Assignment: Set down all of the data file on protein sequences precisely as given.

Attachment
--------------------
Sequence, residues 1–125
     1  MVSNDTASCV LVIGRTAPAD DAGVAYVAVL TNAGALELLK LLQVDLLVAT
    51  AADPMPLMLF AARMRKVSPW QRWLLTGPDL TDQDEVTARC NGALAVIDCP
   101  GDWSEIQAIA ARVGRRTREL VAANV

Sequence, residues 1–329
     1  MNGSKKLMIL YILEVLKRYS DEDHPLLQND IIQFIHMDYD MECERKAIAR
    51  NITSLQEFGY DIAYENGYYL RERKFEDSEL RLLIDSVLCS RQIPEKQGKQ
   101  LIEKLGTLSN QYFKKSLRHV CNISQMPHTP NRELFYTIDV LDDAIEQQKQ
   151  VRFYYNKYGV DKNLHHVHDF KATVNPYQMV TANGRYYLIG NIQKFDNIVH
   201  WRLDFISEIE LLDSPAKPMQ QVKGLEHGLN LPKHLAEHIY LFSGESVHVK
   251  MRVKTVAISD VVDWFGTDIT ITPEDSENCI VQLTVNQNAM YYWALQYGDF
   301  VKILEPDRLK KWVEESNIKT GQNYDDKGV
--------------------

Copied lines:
Sequence, residues 1–125
     1  MVSNDTASCV LVIGRTAPAD DAGVAYVAVL TNAGALELLK LLQVDLLVAT
    51  AADPMPLMLF AARMRKVSPW QRWLLTGPDL TDQDEVTARC NGALAVIDCP
   101  GDWSEIQAIA ARVGRRTREL VAANV

Sequence, residues 1–329
     1  MNGSKKLMIL YILEVLKRYS DEDHPLLQND IIQFIHMDYD MECERKAIAR
    51  NITSLQEFGY DIAYENGYYL RERKFEDSEL RLLIDSVLCS RQIPEKQGKQ
   101  LIEKLGTLSN QYFKKSLRHV CNISQMPHTP NRELFYTIDV LDDAIEQQKQ
   151  VRFYYNKYGV DKNLHHVHDF KATVNPYQMV TANGRYYLIG NIQKFDNIVH
   201  WRLDFISEIE LLDSPAKPMQ QVKGLEHGLN LPKHLAEHIY LFSGESVHVK
   251  MRVKTVAISD VVDWFGTDIT ITPEDSENCI VQLTVNQNAM YYWALQYGDF
   301  VKILEPDRLK KWVEESNIKT GQNYDDKGV